Robert Cartwright 1807 - 1883
December 12, 2009
Robert Cartwright 1807
- 1883 LSA London 1833, MRSC England 1833, MD St. Andrews 1853, was a British orthodox physician, Surgeon at Owestry School, member of the Shropshire Archaeological and Natural History Society, who converted to homeopathy to become a Physician at the Southsea Homeopathic Dispensary, Physician at the Shrewsbury Homeopathic Dispensary, Vice President of the British Homeopathic Society, Deputy Mayor of Oswestry, member of the Midland Homeopathic Society,
Robert Cartwright was the son of Robert Cartwright (surgeon at Owestry School) 1771 - 1822, and Margaret Cartwright d 1807, (Robert Cartwright senior married again to Mary Peploe
- mother of Peploe Cartwright).
Robert Cartwright was educated at Owestry School, and then he went to live in Constantinople (now Instanbul) for several years with his uncle John Cartwright, a Consul General 1820 - 1825.
Robert Cartwright’s Obituary is in Bye Gones in 1883,
Robert Cartwright wrote Shakspere and Jonson: Dramatic, versus wit-combats, and several other works of prose criticism, and he submitted cases and articles to various homeopathic publications, including Three cases of enlarged glands from the use of Iodinde of Potassium,
John Cartwright, uncle of Robert Cartwright junior,
John Cartwright, British Consul General in Constantinople, filed the following report from Constantinople May 25, 1822 (in, Argenti, Philip. The Massacres of Chios, Described in Contemporary Diplomatic Reports, London, 1932, pp. 39-40.)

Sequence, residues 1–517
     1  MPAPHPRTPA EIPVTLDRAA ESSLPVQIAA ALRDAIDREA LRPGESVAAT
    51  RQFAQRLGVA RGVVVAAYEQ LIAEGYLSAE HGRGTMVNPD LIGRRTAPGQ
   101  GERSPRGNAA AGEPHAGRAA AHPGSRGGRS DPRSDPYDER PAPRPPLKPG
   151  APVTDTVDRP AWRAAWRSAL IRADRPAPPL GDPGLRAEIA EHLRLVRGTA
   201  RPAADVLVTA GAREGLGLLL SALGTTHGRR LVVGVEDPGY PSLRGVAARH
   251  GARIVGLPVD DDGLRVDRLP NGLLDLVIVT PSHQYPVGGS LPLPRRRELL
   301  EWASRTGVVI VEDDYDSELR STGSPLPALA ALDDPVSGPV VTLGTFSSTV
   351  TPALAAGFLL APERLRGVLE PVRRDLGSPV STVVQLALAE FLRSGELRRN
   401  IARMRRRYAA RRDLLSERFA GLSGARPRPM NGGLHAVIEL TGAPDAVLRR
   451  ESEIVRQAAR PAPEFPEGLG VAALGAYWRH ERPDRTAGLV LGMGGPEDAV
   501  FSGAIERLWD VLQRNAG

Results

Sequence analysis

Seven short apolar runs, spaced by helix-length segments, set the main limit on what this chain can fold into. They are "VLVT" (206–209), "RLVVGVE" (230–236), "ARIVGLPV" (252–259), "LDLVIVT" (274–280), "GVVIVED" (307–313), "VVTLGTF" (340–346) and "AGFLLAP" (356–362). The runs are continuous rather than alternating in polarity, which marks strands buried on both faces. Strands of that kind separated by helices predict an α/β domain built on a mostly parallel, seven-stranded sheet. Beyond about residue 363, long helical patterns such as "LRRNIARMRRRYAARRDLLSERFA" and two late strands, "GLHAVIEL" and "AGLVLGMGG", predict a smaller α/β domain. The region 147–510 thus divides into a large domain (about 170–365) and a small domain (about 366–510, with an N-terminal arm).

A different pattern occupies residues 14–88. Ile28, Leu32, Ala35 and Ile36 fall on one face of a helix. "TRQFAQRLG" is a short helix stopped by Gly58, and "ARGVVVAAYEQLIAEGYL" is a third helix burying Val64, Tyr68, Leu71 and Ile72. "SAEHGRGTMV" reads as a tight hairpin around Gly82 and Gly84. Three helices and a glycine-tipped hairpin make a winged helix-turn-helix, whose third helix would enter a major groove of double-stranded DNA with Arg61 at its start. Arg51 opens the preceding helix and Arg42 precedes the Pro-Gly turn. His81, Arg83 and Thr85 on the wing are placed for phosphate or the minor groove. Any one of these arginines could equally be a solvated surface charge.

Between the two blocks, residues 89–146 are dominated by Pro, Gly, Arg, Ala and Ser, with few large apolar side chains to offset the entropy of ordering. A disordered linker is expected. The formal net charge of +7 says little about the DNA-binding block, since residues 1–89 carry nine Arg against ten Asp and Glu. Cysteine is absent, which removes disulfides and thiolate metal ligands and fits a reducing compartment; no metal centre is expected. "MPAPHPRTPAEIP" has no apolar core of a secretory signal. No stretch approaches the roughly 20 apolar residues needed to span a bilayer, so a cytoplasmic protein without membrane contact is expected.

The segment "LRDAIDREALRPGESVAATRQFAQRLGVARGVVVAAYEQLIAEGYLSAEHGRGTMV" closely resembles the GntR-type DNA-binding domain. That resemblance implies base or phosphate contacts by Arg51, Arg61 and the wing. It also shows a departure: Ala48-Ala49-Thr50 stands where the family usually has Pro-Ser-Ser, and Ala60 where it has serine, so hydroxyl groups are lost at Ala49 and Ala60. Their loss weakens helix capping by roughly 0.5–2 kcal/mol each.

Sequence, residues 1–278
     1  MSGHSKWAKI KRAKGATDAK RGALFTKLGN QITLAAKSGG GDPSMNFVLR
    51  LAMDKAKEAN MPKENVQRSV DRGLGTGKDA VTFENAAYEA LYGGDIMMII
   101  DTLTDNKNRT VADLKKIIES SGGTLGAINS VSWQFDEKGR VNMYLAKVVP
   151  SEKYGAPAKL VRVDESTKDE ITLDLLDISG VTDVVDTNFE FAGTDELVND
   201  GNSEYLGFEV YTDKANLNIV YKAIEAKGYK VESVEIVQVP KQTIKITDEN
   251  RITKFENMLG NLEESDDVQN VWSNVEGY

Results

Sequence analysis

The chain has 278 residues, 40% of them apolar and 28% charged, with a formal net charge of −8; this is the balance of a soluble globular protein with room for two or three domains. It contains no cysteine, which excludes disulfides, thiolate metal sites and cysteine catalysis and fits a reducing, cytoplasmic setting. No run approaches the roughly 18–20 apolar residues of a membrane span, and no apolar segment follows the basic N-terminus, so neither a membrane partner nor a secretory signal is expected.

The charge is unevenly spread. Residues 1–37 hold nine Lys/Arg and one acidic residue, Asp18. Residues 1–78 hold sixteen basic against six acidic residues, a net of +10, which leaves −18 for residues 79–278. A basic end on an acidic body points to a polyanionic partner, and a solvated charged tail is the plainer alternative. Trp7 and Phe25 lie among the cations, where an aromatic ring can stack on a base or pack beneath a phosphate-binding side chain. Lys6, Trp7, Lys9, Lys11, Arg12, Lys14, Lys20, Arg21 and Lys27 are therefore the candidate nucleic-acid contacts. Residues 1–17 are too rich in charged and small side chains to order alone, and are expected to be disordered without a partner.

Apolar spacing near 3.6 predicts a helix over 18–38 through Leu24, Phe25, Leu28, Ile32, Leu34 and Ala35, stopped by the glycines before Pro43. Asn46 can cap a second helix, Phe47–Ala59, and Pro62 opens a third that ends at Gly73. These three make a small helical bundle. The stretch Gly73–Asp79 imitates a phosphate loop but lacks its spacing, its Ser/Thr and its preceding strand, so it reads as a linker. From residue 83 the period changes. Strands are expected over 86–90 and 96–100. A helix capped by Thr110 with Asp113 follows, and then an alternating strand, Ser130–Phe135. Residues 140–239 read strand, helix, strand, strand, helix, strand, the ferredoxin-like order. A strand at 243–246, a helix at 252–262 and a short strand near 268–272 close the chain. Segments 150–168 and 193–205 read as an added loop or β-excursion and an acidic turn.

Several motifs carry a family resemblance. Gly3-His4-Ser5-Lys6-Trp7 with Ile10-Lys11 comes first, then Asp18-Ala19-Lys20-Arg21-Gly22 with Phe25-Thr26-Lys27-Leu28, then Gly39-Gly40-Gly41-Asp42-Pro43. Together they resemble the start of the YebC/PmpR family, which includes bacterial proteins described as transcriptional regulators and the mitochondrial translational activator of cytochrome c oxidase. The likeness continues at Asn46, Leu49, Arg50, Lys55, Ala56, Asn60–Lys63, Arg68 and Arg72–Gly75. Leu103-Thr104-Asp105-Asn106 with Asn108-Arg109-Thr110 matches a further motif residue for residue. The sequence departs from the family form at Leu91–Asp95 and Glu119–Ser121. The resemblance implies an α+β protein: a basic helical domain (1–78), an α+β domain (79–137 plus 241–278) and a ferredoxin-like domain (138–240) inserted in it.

“Scio [Chios], with the exception of twenty five of the Mastic Villages, was a complete scene of desolation – the air corrupted by the stench of dead bodies had produced an infectious disorder on board the Turkish Fleet which was daily carrying off its’ victims. The fate of the unhappy survivors in the Sciote tragedy is miserable indeed – the females and children doomed to slavery from which there will be but little chance of redemption, as all possible means are taken to prevent the sale of them to Christians. The hostages who were confined in the Castle of Scio as well as those who were here have been put to death.”
In this collection, those of John Cartwright, the long serving Consul General at Constantinople, are of particular interest to students of consular history. This is because it was during his time that the Levant Company was dissolved, and the British government looked to him, as the senior officer in the consular network that the company had hitherto financed and operated, for a detailed report on its staff…